Nvidia brought several advancements for AI calculations to the RTX cards, but the most prominent use can be seen with DLSS.
DLSS can be looked at as an extension of the anti-aliasing technology, although it works differently. Anti-aliasing is a technique that reduces the jaggedness of edges upon rendering, but with DLSS this is done without overbearing the shader cores. This difference allows the same effect, but without the performance hit.
For the same reason we fear technological singularity, we are excited about DLSS. That might’ve sounded oddly terrifying, but there’s no reason to fret – DLSS is a friendly AI that can optimize the look of your games.
Following some growing pains when DLSS was first released, we can now see a much-desired improvement following the release of the RTX 3000 series cards. It appears that Nvidia heard our cries and focused on working with developers to ease their process in making DLSS-compatible games.
Big Tech Equals Big Price
Acknowledging how amazing Nvidia’s technology is in their RTX series is fine, despite what the internet may have to say about it. What isn’t amazing is the mere fact that there just aren’t that many games out there that can fully support everything RTX cards have to offer.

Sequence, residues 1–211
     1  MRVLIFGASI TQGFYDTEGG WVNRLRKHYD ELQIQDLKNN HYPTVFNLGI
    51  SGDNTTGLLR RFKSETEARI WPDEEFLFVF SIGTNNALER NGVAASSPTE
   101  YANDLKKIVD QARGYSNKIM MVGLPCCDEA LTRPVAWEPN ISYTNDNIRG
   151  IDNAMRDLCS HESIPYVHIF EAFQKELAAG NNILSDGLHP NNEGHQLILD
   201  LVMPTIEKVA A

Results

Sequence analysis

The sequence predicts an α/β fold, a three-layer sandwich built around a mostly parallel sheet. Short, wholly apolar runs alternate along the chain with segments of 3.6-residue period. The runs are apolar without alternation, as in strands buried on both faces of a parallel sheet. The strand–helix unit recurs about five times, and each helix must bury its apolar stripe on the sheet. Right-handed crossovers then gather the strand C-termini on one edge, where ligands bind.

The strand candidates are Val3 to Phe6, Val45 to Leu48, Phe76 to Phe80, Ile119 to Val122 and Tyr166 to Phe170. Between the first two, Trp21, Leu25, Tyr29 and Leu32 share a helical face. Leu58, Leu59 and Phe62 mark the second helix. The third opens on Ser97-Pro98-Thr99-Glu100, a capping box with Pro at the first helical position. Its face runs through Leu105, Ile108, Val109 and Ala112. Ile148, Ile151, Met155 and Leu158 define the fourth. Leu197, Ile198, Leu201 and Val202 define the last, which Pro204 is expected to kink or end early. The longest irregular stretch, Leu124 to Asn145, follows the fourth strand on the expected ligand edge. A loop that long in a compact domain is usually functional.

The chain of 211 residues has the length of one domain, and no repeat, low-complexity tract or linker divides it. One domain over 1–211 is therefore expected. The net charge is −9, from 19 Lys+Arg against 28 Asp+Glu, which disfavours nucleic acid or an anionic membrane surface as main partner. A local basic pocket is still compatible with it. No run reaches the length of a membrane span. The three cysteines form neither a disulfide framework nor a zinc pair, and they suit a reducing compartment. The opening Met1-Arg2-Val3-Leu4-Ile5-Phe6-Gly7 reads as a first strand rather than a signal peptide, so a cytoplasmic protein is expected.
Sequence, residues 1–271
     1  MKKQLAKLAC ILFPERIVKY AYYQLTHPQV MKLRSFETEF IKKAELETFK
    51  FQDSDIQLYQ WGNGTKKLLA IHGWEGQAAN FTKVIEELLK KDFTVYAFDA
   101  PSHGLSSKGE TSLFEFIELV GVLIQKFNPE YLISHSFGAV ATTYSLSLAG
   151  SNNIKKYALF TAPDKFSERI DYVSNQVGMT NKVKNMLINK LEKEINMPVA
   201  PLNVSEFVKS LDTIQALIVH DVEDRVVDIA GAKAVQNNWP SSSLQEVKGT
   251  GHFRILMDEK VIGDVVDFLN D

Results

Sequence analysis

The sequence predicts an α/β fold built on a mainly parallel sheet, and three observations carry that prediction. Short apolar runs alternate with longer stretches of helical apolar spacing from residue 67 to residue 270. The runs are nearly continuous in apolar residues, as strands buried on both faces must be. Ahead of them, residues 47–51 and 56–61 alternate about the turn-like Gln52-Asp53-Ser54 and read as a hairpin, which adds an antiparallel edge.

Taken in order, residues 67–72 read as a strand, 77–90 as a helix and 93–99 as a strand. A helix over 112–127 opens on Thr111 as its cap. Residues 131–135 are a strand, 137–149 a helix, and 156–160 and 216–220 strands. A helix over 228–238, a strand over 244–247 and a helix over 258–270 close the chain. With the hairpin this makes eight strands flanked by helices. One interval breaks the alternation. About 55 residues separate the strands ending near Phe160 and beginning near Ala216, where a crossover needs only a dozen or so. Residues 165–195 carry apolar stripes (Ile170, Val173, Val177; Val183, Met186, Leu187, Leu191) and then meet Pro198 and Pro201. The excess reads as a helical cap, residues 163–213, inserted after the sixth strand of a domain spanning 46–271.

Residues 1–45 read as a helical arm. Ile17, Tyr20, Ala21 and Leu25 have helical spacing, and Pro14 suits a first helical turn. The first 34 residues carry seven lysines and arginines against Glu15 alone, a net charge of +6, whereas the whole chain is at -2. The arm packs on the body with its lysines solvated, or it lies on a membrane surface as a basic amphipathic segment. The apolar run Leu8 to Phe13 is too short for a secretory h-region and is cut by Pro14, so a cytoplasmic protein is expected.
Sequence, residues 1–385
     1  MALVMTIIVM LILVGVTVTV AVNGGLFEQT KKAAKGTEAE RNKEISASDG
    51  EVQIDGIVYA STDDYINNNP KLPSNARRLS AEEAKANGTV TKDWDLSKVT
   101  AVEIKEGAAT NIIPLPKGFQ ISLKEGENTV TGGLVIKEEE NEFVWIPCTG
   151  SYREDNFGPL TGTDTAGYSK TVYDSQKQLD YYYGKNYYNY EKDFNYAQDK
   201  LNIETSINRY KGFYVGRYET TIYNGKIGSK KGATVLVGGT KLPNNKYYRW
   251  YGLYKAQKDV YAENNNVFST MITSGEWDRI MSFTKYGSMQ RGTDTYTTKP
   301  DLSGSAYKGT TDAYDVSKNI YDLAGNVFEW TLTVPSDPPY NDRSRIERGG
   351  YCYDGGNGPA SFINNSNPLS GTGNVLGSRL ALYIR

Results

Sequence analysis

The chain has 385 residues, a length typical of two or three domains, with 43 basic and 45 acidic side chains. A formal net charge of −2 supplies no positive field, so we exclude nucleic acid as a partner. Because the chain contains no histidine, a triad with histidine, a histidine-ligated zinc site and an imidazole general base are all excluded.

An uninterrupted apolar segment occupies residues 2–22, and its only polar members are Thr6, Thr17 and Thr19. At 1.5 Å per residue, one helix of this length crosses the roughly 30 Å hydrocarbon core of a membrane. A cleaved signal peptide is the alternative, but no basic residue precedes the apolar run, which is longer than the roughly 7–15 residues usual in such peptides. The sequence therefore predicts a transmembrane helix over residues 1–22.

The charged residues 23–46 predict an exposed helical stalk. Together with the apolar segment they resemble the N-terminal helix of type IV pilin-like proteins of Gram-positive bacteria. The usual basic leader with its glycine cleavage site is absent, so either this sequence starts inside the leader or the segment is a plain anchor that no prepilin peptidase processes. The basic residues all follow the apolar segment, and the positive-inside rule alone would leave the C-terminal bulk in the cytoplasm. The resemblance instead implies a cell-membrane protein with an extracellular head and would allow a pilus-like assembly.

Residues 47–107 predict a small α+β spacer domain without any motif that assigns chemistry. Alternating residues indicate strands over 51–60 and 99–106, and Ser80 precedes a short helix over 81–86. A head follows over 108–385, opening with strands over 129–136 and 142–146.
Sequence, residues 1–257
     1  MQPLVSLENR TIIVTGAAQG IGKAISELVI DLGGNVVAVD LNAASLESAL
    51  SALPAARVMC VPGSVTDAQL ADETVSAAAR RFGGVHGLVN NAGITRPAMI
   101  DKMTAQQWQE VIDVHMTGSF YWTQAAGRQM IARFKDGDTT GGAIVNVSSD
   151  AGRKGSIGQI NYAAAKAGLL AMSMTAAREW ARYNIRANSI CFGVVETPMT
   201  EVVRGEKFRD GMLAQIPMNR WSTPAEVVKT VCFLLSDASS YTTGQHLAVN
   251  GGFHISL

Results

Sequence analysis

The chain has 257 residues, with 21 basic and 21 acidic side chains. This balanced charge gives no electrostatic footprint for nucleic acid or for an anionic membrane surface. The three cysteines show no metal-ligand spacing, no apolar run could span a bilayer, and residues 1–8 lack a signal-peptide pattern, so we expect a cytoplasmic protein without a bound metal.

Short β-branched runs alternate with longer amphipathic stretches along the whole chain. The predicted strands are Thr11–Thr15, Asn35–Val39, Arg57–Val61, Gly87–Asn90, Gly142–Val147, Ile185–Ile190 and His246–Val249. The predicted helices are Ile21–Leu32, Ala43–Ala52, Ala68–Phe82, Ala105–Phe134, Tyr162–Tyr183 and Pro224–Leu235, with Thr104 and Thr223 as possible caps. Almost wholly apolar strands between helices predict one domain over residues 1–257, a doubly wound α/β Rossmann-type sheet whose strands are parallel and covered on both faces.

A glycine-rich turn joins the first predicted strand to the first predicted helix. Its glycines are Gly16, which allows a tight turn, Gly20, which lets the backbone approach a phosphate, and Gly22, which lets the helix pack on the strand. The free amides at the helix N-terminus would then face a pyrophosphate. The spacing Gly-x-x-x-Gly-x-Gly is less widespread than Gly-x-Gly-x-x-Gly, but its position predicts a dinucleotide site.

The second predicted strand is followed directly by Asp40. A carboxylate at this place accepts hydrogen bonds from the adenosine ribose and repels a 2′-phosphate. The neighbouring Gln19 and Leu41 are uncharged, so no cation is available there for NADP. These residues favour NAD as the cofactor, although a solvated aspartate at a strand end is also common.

Swinging back to the good side, apparently the industry is thoroughly impressed by stuff like ray tracing and DLSS. As it appears, as time goes on, we’re more and more likely to see this tech being utilized to its full potential.
As Nvidia is firmly sitting on its GPU throne, they are at liberty to dictate the price points for their cards and when they’ll introduce the world to the never before seen technology like real-time ray tracing. It would be foolish not to take advantage of this and stretch the limit of their consumers’ wallets.
One might look at RTX 3090 and its $1500 price and judge it even more expensive than RTX 2080 Ti. However, it’s important to remember that the $700 RTX 3080 handily outperforms RTX 2080 Ti and is considered Nvidia’s flagship, and dare we say, its best representative.
The RTX 3070 and RTX 3060 offer further price drops compared to their predecessors and that is certainly commendable. Besides, with AMD releasing its RDNA 2 this year (set to feature ray tracing), we might see a decrease in price for current Nvidia top-tier GPUs.
Upon its release, RTX might’ve been a notch above the expected and comfortable price range, but in 2020, RTX looks like it has found its footing, both in terms of performance and price. In conclusion, we can safely say that they are most certainly worth the money.